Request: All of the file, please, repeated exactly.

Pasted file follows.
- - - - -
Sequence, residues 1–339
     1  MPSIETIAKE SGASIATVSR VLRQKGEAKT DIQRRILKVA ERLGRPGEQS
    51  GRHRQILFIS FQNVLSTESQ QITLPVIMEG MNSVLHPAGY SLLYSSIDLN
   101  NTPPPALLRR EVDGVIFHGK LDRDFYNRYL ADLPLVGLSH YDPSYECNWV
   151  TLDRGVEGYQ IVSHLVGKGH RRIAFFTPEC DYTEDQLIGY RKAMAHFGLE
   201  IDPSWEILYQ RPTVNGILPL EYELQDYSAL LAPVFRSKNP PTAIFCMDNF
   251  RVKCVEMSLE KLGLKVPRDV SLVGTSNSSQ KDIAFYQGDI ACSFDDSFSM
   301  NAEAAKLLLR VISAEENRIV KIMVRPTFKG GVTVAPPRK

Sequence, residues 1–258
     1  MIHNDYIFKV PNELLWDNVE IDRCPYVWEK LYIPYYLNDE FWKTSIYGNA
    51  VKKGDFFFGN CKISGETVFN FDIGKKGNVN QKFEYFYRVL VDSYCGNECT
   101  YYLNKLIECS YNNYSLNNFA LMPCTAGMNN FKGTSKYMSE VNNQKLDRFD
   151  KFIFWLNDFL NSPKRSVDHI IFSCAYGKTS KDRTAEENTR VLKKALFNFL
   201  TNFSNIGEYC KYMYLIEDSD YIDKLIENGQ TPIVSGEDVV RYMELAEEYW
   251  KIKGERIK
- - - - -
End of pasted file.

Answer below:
Sequence, residues 1–339
     1  MPSIETIAKE SGASIATVSR VLRQKGEAKT DIQRRILKVA ERLGRPGEQS
    51  GRHRQILFIS FQNVLSTESQ QITLPVIMEG MNSVLHPAGY SLLYSSIDLN
   101  NTPPPALLRR EVDGVIFHGK LDRDFYNRYL ADLPLVGLSH YDPSYECNWV
   151  TLDRGVEGYQ IVSHLVGKGH RRIAFFTPEC DYTEDQLIGY RKAMAHFGLE
   201  IDPSWEILYQ RPTVNGILPL EYELQDYSAL LAPVFRSKNP PTAIFCMDNF
   251  RVKCVEMSLE KLGLKVPRDV SLVGTSNSSQ KDIAFYQGDI ACSFDDSFSM
   301  NAEAAKLLLR VISAEENRIV KIMVRPTFKG GVTVAPPRK

Sequence, residues 1–258
     1  MIHNDYIFKV PNELLWDNVE IDRCPYVWEK LYIPYYLNDE FWKTSIYGNA
    51  VKKGDFFFGN CKISGETVFN FDIGKKGNVN QKFEYFYRVL VDSYCGNECT
   101  YYLNKLIECS YNNYSLNNFA LMPCTAGMNN FKGTSKYMSE VNNQKLDRFD
   151  KFIFWLNDFL NSPKRSVDHI IFSCAYGKTS KDRTAEENTR VLKKALFNFL
   201  TNFSNIGEYC KYMYLIEDSD YIDKLIENGQ TPIVSGEDVV RYMELAEEYW
   251  KIKGERIK